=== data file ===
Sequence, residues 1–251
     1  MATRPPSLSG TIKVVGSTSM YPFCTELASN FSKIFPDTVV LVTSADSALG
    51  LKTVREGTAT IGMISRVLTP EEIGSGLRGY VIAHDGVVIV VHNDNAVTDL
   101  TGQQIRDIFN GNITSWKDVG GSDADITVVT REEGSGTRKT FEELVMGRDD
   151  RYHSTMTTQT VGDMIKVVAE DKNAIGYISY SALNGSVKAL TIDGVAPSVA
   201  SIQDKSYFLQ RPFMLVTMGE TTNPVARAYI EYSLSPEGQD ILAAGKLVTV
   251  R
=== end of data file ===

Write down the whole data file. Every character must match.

Sequence, residues 1–251
     1  MATRPPSLSG TIKVVGSTSM YPFCTELASN FSKIFPDTVV LVTSADSALG
    51  LKTVREGTAT IGMISRVLTP EEIGSGLRGY VIAHDGVVIV VHNDNAVTDL
   101  TGQQIRDIFN GNITSWKDVG GSDADITVVT REEGSGTRKT FEELVMGRDD
   151  RYHSTMTTQT VGDMIKVVAE DKNAIGYISY SALNGSVKAL TIDGVAPSVA
   201  SIQDKSYFLQ RPFMLVTMGE TTNPVARAYI EYSLSPEGQD ILAAGKLVTV
   251  R